Sunday, January 13, 2013

Houston Marathon 2013; My first weather-induced DNF

Evening prior's reaction to the Marathon weather forecast
Like most runners in the week prior to the Houston Marathon I exchanged e-mails with other running friends and fretted endlessly about the expected weather conditions on Sunday morning.  In most cases such pre-race anxiety proves over-blown as the weather on race day proves better than had been expected, but this morning's race was the exception since the forecast was optimistic.

As correctly shouted by a West University spectator at mile twelve, due to the weather the 2013 Houston Marathon is one that all of its runners will long remember.  With starting temperatures in the low 40's, and powerful gusty northerly winds between 20 to 30 miles per hour carrying a mix of rain and sleet, despite growing up in Chicago I was ill prepared.
Mile 15, and close to my DNF

Though my clothing was warm enough, I had never practiced running long distances while frequently hurdling over large and growing puddles of water on the road surfaces hoping to avoid a premature soaking.  Eventually realizing that my efforts to keep my shoes and socks semi-dry was futile, owing to the cumulative effect of rainfall, splashing by adjoining runners, and the periodic necessity to step in puddles up to an inch deep, I did not anticipate the effect of such hurdling on my hip flexors.  The hip flexors are the critical muscle which one engages to lift up ones foot and leg during the running gait, and owing to these puddle jumps this critical muscle was excessively used long before mile 26.

Mark and Ryan Hall following the Houston Marathon
In fact, by the time the above picture was taken from a friend at mile fifteen (I'm the middle runner in green) I knew my proverbial goose was cooked.  Had I continued to run with my weak and deteriorating hip flexors I would have quickly have had to walk the remaining distance, for which my clothing was inadequate with temperatures by then in the upper 40's.  So, I chose to prematurely exit the course (i.e. DNF) at mile 16 since at that point on the course it is the closest possible distance to my home.  My wonderful wife kindly picked me up, encouraged me to take a hot shower, then brought me back to the race start.  There I enjoyed breakfast and congratulated my training partners and friends Xabier and Kim who had both finished well.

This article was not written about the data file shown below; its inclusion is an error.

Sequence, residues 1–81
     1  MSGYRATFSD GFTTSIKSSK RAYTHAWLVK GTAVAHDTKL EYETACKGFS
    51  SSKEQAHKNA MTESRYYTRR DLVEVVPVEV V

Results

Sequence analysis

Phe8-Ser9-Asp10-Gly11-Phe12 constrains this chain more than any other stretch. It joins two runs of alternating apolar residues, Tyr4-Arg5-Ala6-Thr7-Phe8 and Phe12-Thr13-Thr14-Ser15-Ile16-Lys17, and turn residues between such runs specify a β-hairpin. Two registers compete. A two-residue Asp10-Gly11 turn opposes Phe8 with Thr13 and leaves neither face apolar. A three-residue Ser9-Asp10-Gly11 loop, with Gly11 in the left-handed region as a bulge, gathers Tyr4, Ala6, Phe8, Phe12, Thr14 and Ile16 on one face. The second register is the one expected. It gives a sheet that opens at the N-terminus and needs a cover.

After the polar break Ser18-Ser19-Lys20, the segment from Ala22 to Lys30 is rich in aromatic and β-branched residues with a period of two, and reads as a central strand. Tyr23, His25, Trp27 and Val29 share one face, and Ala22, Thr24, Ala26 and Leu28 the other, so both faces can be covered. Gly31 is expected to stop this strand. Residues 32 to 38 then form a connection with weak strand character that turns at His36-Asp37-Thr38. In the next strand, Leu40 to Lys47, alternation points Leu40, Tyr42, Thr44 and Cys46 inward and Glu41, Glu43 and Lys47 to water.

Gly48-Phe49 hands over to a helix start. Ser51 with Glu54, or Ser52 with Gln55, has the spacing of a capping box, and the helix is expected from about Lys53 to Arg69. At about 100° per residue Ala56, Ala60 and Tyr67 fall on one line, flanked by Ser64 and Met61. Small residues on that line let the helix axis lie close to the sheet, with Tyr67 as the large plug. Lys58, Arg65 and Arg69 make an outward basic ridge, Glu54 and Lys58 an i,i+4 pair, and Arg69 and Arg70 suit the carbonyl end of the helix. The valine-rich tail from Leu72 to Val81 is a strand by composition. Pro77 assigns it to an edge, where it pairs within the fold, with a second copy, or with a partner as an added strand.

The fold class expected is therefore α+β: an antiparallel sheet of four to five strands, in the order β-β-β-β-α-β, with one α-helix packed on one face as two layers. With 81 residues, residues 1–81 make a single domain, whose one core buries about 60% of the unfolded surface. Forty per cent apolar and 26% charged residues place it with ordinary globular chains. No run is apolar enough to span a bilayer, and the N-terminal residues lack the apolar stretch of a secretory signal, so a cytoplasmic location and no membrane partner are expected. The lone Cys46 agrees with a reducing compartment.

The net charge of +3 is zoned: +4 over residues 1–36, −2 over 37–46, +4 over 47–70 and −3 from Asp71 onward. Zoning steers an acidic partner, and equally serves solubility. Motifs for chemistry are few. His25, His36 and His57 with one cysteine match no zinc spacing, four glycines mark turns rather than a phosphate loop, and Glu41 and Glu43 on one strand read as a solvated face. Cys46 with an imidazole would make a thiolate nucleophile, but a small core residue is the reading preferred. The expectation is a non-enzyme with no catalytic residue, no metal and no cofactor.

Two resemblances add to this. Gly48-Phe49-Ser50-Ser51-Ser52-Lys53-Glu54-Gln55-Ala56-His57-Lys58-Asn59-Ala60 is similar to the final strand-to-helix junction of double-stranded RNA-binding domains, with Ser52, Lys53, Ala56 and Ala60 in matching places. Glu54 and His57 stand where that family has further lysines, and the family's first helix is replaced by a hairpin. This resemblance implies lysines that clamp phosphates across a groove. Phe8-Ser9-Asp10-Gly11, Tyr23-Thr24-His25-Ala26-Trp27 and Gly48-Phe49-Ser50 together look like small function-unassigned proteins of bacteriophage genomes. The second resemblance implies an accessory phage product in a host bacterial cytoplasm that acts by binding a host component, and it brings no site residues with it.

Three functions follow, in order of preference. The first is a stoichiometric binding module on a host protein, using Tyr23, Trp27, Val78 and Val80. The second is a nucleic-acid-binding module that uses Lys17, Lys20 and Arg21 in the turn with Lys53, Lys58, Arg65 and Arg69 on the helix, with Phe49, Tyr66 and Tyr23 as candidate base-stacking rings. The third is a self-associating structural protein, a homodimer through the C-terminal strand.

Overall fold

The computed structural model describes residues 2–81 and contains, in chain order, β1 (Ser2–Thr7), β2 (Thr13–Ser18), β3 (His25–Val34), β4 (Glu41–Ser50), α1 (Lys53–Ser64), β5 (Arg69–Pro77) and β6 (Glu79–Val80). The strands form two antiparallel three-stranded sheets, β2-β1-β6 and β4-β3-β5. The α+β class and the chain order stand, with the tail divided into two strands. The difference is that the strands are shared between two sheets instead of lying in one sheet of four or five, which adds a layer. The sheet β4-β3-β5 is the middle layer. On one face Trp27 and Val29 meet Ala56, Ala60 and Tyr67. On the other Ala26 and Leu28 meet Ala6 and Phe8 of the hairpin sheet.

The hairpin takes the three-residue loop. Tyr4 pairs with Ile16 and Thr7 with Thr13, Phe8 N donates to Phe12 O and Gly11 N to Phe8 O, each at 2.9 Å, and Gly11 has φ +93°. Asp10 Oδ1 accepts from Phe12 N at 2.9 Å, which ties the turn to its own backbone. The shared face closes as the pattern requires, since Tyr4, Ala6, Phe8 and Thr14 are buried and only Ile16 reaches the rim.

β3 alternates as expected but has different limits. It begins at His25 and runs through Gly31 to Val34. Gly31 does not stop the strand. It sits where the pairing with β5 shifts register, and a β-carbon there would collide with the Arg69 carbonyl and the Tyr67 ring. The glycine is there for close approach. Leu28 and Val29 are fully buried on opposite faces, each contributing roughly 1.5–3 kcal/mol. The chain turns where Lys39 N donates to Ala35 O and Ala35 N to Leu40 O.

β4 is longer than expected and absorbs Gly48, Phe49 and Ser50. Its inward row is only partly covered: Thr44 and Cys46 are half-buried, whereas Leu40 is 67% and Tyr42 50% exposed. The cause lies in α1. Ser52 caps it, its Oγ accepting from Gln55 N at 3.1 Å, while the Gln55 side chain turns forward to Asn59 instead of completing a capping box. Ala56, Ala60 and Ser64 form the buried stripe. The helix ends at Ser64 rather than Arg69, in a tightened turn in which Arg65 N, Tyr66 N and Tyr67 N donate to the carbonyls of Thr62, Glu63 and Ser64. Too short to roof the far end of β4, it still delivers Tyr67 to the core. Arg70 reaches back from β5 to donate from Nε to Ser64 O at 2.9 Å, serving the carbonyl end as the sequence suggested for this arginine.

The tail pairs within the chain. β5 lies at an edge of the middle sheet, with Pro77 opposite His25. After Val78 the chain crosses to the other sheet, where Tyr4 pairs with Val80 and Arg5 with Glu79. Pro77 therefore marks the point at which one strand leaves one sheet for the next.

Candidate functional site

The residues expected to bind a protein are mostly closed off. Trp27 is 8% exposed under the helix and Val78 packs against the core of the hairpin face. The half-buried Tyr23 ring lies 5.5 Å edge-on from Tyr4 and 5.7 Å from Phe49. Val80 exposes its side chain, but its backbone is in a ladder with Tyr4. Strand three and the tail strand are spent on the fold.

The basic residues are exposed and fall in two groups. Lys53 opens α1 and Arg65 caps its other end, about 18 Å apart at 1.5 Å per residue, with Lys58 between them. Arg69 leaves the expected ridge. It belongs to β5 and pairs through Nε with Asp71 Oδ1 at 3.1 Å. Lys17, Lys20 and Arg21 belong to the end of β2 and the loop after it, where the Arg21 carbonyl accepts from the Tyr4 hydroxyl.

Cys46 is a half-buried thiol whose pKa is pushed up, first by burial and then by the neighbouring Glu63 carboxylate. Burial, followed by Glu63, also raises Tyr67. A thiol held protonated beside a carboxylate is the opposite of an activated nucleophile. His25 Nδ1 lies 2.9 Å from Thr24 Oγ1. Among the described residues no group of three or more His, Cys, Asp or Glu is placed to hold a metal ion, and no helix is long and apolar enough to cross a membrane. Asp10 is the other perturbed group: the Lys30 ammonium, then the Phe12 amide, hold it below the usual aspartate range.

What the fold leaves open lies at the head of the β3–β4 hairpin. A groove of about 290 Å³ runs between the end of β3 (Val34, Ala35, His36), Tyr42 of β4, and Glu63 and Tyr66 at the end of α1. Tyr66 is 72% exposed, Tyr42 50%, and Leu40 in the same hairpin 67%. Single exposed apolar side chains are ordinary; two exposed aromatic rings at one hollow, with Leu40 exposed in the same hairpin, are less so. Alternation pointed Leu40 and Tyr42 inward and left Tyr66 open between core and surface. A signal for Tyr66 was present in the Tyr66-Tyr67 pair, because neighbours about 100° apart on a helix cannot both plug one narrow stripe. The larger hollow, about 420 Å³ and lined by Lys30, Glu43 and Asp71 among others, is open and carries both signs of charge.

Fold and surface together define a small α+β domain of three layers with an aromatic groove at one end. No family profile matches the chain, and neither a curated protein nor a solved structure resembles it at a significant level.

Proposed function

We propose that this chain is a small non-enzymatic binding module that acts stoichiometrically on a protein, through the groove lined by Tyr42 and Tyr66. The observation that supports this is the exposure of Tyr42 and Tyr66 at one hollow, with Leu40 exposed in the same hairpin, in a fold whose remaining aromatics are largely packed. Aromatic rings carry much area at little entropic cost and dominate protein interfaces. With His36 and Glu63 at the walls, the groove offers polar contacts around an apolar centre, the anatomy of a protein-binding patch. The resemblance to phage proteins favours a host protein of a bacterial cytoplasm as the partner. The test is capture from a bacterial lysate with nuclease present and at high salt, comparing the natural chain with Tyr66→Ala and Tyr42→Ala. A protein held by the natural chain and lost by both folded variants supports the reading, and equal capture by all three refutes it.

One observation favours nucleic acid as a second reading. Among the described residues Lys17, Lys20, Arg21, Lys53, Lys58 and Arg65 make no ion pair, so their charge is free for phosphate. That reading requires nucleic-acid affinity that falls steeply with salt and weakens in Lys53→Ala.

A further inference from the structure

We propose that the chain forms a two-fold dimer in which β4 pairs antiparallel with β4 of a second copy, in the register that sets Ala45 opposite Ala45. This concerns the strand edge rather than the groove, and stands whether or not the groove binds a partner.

As a consolation prize, upon returning to the GRB I happened to see a line forming to meet Ryan Hall, which I took advantage of as I have long been a huge fan and supporter.  Mentioning my DNF, I was encouraged when Ryan responded "we've all been there" (as I know he has, having himself DNF'd on more than one race.)

Laura, Cortney, Xabier, Kim and Mark
So, in summary, despite the weather it was a great experience.  Naturally, I am very disappointed by the weather and the result, but I am lucky to have a set of such good friends and the Kenyan Way training group to help prepare together for future races

To all of the 2013 Houston Marathon runners, and especially for the many volunteers and supportive spectator along the course, I congratulate you.


  1. Being a Chicago native myself I am often surprised by how acclimated I have beome to Texas temperatures. Sorry about the DNF but you will be back to fight another day.

  2. I've been there a few times myself and although disappointing it is always for the best.

  3. My knee gave out and I had to quit at Mile 17. Oddly, as bad as the weather was, it didn't bother me too much. Then again, I wasn't leaping puddles in a single bound!

  4. Good pic with Ryan. His DNF at London would have been a tough one. Sensible decision - you'll be back to good training quicker now.